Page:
JMU Athletics releases policy on Name, Image, and Likeness

Published: Jul. 1, 2021 at 5:16 PM EDT
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HARRISONBURG, Va. (WHSV) - The NCAA Board of Directors adopted a new policy Wednesday in regards to allowing student-athletes to get paid to use their name, image, or likeness (NIL).

Under the new interim NIL policy, regulation defers to state, conference and institutional policies to guide acceptable NIL practices. The NCAA’s updated policy maintains key prohibitions on any form of pay-for-play arrangements or improper recruiting inducements.

This means students will not be able to receive payment in exchange for playing sports at a certain school.

The ultimate goal of the new NIL framework is to provide a more permissive environment for student-athletes to benefit from the exposure related to their intercollegiate experience.

James Madison University has developed an institutional policy to guide NIL activities within its intercollegiate athletics program.

This policy governs all student-athlete NIL pursuits until any future conference, state, federal, or NCAA guidance further impacts campus policy.

Over at JMU, staff have been and will continue to educate student-athletes on what NIL means and best practices. Student-athletes will be able to submit requests through an online portal; what businesses they are working with and how much money they expect to make.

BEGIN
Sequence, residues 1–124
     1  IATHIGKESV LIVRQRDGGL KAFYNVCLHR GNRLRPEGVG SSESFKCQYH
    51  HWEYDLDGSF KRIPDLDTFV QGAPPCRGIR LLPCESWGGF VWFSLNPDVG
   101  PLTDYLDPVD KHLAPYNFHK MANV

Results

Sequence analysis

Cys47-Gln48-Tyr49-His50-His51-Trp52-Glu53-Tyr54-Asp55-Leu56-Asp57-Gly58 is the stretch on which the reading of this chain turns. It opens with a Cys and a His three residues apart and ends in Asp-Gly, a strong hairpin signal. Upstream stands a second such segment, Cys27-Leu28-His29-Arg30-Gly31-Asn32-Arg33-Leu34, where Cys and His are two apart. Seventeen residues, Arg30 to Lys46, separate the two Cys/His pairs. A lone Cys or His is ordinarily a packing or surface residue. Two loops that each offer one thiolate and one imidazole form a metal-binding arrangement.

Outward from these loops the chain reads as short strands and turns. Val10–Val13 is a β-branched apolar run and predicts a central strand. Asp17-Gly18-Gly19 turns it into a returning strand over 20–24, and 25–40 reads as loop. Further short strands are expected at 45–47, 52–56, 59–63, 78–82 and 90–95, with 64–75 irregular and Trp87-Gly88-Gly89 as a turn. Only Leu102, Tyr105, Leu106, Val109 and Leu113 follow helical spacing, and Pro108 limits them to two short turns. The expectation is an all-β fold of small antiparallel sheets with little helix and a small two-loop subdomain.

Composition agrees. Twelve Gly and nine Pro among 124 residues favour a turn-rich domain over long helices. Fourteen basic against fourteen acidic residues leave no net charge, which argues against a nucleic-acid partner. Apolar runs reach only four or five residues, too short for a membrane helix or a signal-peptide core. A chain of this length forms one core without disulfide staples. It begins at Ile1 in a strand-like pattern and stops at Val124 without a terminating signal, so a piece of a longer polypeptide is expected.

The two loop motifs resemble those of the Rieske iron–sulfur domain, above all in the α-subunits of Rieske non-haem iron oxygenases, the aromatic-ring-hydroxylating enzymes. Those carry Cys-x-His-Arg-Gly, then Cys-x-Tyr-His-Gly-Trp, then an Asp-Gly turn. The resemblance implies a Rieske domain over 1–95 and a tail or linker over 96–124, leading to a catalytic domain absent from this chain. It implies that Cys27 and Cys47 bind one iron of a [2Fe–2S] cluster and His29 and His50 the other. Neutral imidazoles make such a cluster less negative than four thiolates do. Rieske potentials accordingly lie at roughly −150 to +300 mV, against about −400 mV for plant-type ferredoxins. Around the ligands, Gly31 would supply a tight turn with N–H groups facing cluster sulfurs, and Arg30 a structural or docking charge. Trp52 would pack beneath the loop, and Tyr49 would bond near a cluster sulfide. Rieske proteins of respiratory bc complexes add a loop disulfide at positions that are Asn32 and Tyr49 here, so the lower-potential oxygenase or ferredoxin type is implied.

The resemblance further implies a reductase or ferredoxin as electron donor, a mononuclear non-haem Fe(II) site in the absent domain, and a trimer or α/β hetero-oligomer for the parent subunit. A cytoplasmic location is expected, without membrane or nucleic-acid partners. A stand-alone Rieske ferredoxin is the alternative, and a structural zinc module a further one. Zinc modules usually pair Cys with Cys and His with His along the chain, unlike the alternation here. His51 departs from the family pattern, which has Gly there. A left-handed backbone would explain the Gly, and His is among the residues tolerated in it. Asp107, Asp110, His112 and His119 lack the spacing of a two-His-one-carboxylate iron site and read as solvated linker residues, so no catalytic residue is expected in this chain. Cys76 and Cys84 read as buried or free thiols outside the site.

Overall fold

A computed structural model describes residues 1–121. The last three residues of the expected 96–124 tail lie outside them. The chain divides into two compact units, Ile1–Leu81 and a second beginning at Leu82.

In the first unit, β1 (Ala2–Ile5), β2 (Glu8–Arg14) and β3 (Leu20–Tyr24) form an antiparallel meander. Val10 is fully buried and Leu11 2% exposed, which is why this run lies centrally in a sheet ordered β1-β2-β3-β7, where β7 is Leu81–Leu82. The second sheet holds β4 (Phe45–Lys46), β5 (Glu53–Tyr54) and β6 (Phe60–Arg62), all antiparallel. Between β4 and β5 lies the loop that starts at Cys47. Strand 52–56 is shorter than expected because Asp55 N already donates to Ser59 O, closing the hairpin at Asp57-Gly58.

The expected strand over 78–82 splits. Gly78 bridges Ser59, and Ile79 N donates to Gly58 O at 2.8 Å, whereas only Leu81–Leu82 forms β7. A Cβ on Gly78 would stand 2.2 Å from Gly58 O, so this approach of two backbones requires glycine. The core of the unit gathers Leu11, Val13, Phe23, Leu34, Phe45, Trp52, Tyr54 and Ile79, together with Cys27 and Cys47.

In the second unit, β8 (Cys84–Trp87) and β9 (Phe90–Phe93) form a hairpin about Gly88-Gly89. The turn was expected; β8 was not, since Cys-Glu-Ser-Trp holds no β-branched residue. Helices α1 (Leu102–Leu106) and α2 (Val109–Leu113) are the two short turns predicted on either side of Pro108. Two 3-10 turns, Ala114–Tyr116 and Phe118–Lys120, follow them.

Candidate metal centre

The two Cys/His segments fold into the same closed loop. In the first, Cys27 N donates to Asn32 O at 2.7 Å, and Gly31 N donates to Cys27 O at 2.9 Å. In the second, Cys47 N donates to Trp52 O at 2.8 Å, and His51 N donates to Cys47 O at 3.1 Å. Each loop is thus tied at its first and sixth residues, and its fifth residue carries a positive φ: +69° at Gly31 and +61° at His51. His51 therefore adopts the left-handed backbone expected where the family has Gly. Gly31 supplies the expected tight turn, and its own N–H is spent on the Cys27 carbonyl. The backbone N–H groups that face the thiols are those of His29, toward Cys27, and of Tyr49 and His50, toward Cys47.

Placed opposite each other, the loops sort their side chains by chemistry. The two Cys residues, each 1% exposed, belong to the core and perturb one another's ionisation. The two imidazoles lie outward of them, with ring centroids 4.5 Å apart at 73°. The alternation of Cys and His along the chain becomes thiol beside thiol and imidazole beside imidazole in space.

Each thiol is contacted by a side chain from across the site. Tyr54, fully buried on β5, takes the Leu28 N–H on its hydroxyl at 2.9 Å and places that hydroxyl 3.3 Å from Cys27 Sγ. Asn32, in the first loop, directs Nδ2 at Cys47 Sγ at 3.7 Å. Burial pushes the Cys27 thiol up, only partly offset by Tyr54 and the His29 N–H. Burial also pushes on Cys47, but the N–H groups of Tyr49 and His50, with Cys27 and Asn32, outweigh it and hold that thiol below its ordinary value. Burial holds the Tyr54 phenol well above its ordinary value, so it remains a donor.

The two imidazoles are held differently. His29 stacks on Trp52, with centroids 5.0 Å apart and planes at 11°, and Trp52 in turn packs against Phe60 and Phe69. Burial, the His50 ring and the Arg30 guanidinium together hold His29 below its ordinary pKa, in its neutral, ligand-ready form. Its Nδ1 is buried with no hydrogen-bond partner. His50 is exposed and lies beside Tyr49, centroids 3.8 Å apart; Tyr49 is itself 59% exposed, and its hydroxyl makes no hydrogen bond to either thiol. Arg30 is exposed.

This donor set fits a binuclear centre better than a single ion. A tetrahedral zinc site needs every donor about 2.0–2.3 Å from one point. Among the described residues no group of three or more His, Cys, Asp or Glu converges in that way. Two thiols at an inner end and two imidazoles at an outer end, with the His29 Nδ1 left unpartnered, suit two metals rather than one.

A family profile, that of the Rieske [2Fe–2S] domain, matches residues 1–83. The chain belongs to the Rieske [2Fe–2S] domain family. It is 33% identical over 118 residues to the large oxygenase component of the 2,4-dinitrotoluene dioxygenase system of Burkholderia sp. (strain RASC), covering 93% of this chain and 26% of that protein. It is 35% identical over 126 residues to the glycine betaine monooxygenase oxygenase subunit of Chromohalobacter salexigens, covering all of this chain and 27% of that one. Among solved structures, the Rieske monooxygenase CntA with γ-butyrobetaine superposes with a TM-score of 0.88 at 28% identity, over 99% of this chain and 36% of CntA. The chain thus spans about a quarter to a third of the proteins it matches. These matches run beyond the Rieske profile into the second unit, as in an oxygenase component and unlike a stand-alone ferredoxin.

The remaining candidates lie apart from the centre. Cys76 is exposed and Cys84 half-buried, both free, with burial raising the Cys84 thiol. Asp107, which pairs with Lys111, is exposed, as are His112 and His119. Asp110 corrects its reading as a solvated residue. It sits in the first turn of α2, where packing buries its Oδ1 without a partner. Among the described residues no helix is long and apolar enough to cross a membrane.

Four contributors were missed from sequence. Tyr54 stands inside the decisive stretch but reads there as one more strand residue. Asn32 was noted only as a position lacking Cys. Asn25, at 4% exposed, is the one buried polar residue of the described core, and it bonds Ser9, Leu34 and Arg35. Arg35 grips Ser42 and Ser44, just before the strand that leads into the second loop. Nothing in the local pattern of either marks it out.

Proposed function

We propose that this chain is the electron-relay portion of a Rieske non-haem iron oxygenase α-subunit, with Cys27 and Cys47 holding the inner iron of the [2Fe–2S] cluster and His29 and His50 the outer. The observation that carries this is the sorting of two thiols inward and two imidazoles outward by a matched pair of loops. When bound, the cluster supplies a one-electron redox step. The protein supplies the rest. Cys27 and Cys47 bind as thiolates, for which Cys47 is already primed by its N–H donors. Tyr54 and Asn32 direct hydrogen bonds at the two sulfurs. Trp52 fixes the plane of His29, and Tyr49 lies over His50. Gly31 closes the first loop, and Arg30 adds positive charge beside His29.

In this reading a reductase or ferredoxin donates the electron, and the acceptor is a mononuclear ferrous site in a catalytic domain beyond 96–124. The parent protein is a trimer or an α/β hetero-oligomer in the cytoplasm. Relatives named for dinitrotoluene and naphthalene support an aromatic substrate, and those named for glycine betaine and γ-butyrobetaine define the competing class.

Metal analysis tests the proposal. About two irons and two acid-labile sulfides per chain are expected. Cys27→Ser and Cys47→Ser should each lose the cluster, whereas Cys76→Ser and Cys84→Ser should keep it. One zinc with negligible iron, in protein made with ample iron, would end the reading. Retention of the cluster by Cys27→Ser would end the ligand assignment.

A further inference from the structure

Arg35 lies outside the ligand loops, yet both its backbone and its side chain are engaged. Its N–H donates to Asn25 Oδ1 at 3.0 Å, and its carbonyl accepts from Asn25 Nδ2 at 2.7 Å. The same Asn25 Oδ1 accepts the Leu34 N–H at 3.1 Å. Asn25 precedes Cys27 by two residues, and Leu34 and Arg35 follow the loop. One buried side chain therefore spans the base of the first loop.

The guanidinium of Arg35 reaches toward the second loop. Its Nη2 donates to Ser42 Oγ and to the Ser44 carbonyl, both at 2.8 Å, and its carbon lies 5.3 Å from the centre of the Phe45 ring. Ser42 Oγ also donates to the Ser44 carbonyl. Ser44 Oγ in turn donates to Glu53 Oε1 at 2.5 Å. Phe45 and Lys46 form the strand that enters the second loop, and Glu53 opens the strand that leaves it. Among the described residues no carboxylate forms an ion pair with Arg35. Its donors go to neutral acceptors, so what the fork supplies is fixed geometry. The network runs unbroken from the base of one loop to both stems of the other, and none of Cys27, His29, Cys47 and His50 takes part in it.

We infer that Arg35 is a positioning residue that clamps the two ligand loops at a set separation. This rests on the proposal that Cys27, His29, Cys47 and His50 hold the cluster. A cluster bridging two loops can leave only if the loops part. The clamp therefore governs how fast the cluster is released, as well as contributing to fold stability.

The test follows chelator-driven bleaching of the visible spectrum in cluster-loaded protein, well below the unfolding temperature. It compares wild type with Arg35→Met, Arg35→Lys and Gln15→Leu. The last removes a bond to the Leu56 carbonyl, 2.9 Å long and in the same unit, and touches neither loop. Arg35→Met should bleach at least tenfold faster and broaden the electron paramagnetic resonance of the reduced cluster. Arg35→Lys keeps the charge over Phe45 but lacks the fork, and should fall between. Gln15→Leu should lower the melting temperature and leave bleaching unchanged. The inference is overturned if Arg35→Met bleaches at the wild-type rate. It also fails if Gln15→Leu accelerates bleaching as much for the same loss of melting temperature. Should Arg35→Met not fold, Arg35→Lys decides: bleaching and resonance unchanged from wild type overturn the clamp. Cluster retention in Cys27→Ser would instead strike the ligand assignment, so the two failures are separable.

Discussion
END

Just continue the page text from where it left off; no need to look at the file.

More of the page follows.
Kevin Warner with JMU Athletics says the request would then be approved by the compliance office.

“So our policy lays out some examples you could sell apparel with your name or picture on it, you could have public appearances, you could sell autographs, you can enter into an agreement with a business to represent them,” Warner said.

Student-athletes may also appear in JMU-issued branded apparel as part of NIL activities.

Warner says student-athletes can even hire talent agents to help in finding businesses to work with.

“They can hire business advisors and they can seek professional services but they cannot hire a sports agent,” Warner said. “Someone who is going to help them find places to play.”

Warner says as of Thursday afternoon they have not yet received a NIL request from a student-athlete, but they have seen interest from some athletes.

“Over the course of my career in intercollegiate athletics, I cannot recall many game-changing circumstances similar to this NCAA change in approach to name, image, and likeness,” JMU Director of Athletics Jeff Bourne said in a press release. “This will require growth and adjustment over time as we live in this new environment, but we are committed to that process and providing an appropriate framework for NIL activities on our campus. At the end of the day, this new era of college athletics is what’s right for the student-athletes and their intercollegiate experience.”

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